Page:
Brands to look at? Valiant, Hylas, Swan, Hinkley, Tayana.. Some around here like the Hunter49, but they just spent about 500k for one, so they should be excited about it. Eh?
Every boat is a compromise. Every hull, deck, construction technique brings distinct advantages and disadvantages, those being contingent on purpose, use, and to an extent…personal preference.

Cored vs. Solid? Valid arguments for both, personal preference is sold core, but balsa cored is good enough for Mr. Pearson, I ain’t arguing with him.

I don’t agree that FRP with composite reinforcement is going to be “easier” or lighter, or stronger for that matter. It hasn’t been around long enough for any "studies” to confirm or deny, all you’re going to get is opinion. For me, carbon reinforcement is a really nice idea, it works in many other industries, but how many of those gurus are building boat hulls? I’ll venture to say not too many.

If I’m going to out where the possibility of blowing snot is real, I want one heavy ass mo-fo of a tub under me. As far as space designated for fuel/water/tankage, that’s kind of the point of having a “Bluewater” boat isn’t it. I wouldn’t be concerned with space for trinkets, FedEx is everywhere. See that’s the “thing”… if you’re going out for awhile, the last thing you’d want is lots of space to knock about in.

Take a tour if you will of some of the boats listed above. You’ll notice the cabins and cockpits are relatively small compared to many others. I assume you know the reason why.

Please try to forget formulas and spreadsheets, this may not be a good analogy but that general said the best laid out war plan goes to hell right after the first shot is fired is right on. A “spec sheet” giving knots vs. weight is going to be next to useless. Bottom condition, water current and ambient temp, ports open vs closed, sails covered vs. loose, wind speed, wave action, far too many variables, get what I’m saying?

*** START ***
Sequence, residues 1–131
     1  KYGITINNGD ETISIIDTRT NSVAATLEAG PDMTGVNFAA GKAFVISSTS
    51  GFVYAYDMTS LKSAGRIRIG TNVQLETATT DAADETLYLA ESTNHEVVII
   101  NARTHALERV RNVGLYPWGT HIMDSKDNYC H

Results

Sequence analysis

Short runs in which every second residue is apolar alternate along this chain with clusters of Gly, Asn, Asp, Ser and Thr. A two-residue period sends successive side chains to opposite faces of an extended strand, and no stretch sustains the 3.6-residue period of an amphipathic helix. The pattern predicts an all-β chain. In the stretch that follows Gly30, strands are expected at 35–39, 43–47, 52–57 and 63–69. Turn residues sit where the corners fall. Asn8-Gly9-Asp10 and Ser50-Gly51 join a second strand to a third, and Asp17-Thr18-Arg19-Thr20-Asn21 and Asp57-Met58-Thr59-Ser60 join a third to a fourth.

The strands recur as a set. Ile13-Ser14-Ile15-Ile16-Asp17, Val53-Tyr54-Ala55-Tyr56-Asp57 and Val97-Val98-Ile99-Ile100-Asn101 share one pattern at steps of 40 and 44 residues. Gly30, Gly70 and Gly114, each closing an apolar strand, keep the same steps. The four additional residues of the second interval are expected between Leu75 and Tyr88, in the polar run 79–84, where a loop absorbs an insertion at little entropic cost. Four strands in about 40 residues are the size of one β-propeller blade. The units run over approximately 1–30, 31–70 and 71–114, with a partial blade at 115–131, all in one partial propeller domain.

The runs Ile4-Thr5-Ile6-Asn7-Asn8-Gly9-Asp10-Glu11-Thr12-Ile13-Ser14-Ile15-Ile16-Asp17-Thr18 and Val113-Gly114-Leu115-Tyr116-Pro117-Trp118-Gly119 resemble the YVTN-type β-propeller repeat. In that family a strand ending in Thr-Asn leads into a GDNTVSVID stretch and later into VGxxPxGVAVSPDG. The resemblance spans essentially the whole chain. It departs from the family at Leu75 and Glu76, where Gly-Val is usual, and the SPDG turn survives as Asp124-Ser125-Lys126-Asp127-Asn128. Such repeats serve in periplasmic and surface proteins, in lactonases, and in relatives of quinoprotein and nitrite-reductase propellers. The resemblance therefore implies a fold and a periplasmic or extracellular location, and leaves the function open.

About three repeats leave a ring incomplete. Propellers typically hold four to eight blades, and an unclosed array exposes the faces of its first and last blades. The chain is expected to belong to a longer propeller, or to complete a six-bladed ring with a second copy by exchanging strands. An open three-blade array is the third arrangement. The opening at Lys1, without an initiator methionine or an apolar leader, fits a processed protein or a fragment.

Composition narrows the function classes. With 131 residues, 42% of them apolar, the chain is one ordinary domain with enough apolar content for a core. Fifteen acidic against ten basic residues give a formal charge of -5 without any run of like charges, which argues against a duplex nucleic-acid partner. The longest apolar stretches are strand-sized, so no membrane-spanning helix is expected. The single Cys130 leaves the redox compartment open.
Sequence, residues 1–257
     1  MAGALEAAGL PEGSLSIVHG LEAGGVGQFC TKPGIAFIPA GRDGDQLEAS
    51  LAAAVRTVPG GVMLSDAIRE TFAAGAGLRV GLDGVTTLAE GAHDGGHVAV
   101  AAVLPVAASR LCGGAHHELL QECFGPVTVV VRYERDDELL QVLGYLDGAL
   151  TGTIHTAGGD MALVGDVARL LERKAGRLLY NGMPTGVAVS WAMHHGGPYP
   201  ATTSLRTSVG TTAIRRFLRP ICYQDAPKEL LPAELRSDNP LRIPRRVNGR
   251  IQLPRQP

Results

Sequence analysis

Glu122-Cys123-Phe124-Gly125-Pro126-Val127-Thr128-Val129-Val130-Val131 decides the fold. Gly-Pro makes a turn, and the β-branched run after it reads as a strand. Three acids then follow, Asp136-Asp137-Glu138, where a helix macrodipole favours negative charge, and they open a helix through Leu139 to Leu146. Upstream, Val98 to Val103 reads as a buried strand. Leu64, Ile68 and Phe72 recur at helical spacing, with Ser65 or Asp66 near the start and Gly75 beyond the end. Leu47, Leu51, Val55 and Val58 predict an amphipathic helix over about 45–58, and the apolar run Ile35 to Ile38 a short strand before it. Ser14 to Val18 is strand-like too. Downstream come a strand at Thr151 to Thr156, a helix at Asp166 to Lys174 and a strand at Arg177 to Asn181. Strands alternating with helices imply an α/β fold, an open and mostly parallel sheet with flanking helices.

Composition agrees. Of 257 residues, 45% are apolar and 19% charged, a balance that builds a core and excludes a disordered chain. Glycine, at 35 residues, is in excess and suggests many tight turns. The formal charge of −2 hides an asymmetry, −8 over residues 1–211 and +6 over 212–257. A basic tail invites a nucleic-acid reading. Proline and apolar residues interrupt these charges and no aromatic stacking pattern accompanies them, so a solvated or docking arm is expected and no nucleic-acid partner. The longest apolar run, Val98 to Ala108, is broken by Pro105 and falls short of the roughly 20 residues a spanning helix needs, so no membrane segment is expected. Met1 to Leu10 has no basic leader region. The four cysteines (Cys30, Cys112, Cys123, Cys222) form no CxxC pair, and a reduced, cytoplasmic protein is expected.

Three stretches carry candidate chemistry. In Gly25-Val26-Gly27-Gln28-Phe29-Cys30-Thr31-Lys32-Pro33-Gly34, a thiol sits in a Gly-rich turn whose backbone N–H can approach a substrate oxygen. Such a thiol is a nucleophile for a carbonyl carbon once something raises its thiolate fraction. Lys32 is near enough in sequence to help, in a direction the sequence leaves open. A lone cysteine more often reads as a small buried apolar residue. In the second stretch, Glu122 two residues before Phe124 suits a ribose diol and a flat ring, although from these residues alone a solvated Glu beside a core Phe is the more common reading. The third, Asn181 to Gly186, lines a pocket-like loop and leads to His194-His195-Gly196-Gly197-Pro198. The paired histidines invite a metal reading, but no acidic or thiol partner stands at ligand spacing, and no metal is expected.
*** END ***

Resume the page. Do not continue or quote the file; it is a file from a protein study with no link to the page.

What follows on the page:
Electronics, gizmos, do-dads and gee-gaws…
Entirely personal preference. As many people swear by Raymarine as swear at ‘em.
If you’re going out for ‘awhile” consider Radar, EPIRB, GPS, Chartplotter & software, Satphone, (Iridium?) solar, Gensets, lapops and life insurance. Brands? Refer to personal preferences.

Single handing? Unless you were born with webbed feet, grew up on ocean going tubs, I’d be hard pressed to think someone with medium experiences would want to single hand anything larger than say 40-45 ft. (brings the life insurance into play again, eh?) Who is going to hook the mooring ball? Help with dock lines? A 5 kt wind against a 40 ft hull will spin you around pretty quickly.

Suggestion,
find some people locally to you that have “larger” boats and ask them. We’re an opinionated bunch and most of us have no problem sharing them, even when not asked for ‘em. Ask them to show you their boat, what they’d like and what they’d change. You’ll learn a lot, fast.

Lastly, if you’re planning on a 6 month time frame, I’d start writing that deposit check to a chosen mfr soon if you’re going new. Lead times aren’t pretty unless they have “your” boat in stock.
Looking for a pre-owned? Theres literally thousands out there, some worth the bux, some junk. Its going to take a targeted focus to get what you’re looking for and outfitted in that time frame.
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  #16  
Old 07-27-2008